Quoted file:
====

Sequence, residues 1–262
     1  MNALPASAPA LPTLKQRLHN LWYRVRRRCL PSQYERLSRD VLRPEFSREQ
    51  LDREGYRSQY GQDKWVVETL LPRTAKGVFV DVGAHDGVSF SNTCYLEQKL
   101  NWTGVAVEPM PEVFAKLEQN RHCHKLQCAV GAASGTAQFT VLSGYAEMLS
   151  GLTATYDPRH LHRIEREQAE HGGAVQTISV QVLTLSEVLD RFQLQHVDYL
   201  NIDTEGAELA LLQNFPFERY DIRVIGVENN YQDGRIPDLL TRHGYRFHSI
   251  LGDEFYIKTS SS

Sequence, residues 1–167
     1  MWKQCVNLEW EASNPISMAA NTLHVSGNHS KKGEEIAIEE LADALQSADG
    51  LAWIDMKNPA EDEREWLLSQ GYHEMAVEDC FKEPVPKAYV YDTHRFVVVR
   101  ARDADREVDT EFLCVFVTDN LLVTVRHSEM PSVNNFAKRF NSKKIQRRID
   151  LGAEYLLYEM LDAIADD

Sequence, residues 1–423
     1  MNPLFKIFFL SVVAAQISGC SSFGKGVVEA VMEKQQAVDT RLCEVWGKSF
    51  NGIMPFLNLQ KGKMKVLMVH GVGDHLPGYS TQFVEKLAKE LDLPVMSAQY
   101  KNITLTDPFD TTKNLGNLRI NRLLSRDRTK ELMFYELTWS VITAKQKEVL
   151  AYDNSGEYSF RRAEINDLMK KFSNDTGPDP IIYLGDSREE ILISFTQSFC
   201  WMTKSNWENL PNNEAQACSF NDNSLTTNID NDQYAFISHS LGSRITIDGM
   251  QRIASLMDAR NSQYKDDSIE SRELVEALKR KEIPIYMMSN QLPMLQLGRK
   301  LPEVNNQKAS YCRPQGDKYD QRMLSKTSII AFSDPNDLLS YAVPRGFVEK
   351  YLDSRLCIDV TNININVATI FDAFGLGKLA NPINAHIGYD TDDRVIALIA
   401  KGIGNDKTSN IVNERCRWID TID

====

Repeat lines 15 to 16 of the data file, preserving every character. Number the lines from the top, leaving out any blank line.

    51  NGIMPFLNLQ KGKMKVLMVH GVGDHLPGYS TQFVEKLAKE LDLPVMSAQY
   101  KNITLTDPFD TTKNLGNLRI NRLLSRDRTK ELMFYELTWS VITAKQKEVL